Researchers know that more, and more dangerous, storms have begun to occur as the climate warms. A team of scientists has reported an underlying explanation, using meteorological satellite data gathered over a 35-year period.
The examination of the movement and interaction of mechanical energies across the atmosphere, published in the journal Nature Communications, is the first to explore long-term variations of the Lorenz energy cycle — a complex formula used to describe the interaction between potential and kinetic energy in the atmosphere — and offers a new perspective on what is happening with global warming.
“It is a new way to look at and explain what people have observed,” said Liming Li, assistant professor of physics at the University of Houston and corresponding author of the paper. “We found that the efficiency of Earth’s global atmosphere as a heat engine is increasing during the past four decades in response to climate change.”
In this case, increased efficiency isn’t a good thing. It suggests more potential energy is being converted to kinetic energy — energy that is driving atmospheric movement — resulting in a greater potential for destructive storms in regions where the conversion takes place.
“Our analyses suggest that most energy components in the Lorenz energy cycle have positive trends,” the researchers wrote. “As a result, the efficiency of Earth’s global atmosphere as a heat engine increased during the past 35 years.”
In addition to Li, researchers involved in the work include Yefeng Pan, first author and a former doctoral student at UH; Xun Jiang, associate professor of earth and atmospheric sciences at UH; Gan Li, Wentao Zhang and Xinyue Wang, all of Guilin University of Electronic Technology; and Andrew P. Ingersoll of the California Institute of Technology.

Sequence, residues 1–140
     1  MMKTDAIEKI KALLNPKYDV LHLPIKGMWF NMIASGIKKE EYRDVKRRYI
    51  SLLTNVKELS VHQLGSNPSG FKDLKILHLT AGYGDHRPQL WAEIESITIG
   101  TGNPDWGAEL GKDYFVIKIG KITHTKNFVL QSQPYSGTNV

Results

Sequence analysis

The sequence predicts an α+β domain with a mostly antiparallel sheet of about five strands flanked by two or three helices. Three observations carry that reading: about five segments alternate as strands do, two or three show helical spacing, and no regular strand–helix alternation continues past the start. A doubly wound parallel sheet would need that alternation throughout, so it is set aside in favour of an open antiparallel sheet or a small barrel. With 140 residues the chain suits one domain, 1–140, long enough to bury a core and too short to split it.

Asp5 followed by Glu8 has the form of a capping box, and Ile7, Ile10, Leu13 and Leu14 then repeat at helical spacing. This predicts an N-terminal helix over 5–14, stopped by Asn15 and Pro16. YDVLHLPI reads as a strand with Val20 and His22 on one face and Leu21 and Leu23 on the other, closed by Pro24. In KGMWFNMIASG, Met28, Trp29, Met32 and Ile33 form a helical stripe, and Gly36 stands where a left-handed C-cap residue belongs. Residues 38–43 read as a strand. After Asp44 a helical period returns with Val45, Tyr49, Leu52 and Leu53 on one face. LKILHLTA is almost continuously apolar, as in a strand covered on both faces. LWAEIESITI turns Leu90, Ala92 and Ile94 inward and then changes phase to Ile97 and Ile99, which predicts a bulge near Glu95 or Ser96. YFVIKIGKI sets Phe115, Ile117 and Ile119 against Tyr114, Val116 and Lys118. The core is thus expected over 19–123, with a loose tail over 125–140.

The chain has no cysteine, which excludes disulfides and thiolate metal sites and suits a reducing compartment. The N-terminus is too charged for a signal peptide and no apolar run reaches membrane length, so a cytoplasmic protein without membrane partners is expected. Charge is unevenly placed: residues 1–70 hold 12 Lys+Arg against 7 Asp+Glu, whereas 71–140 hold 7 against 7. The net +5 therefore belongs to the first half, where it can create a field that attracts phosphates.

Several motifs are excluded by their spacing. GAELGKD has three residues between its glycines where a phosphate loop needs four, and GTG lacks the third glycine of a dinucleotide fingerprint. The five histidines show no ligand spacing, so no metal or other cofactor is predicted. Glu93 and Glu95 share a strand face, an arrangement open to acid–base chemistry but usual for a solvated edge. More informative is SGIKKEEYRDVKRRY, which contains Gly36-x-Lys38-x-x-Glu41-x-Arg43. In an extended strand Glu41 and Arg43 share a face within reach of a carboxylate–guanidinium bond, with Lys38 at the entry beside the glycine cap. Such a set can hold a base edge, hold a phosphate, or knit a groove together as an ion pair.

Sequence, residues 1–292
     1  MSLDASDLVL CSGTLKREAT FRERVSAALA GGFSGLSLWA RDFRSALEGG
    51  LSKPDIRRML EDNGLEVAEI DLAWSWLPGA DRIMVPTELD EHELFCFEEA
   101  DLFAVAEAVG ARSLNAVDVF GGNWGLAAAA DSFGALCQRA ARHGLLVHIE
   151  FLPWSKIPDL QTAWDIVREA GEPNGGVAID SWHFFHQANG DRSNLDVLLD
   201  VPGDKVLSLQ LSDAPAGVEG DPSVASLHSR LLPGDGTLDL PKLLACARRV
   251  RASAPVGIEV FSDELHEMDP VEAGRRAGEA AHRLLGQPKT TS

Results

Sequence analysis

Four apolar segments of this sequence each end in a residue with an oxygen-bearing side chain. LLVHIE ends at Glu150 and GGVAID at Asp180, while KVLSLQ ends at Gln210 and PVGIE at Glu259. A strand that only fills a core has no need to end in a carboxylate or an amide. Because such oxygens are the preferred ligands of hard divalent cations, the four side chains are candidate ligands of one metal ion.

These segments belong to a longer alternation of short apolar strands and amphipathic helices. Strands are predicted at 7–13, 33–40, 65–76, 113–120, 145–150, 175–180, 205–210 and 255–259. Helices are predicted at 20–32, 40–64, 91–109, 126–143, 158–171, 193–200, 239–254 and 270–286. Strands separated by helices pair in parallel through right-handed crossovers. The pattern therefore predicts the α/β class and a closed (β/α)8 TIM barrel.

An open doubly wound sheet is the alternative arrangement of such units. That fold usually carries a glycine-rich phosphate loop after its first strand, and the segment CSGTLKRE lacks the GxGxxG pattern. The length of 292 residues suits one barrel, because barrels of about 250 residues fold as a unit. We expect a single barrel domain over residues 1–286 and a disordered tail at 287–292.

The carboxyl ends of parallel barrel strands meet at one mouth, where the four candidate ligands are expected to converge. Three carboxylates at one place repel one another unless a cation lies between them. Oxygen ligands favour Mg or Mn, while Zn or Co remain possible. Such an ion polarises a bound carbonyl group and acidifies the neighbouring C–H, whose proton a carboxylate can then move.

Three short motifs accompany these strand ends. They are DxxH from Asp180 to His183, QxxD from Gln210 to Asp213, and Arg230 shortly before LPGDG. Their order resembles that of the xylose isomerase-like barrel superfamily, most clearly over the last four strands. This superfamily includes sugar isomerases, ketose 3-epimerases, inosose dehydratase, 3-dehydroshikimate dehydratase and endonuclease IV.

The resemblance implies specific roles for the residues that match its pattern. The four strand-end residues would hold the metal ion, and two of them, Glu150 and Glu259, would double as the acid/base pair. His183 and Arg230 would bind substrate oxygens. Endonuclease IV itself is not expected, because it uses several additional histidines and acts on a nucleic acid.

The researchers used three independent meteorological datasets to track variables including three-dimensional wind field, geopotential-height field and temperature field at points across the globe from 1979 to 2013. They then used the data to compute the Lorenz energy cycle of the global atmosphere. Such an energy cycle in the atmosphere significantly influences weather and climate.
Previous studies have covered only five-year and 10-year periods before 1973, said Li, a faculty member in UH’s College of Natural Sciences and Mathematics. “Now we can investigate the Lorenz energy cycle of the global atmosphere during the past 35 years, using satellite-based observations,” he said.
While the researchers reported that the total mechanical energy of the global atmosphere remains constant over time, there has been a significant increase in what they describe as “eddy energies,” or the energies associated with storms, eddies and turbulence.
Li said the positive trends for eddy energies were especially pronounced in the southern hemisphere and over parts of Asia, and the researchers point out that intensifying storm activity over the southern oceans and increasing drought in Central Asia contribute to the positive trends.
“This is a new perspective to explain global warming from an energy standpoint,” he said.
Jeannie Kever, University Media Relations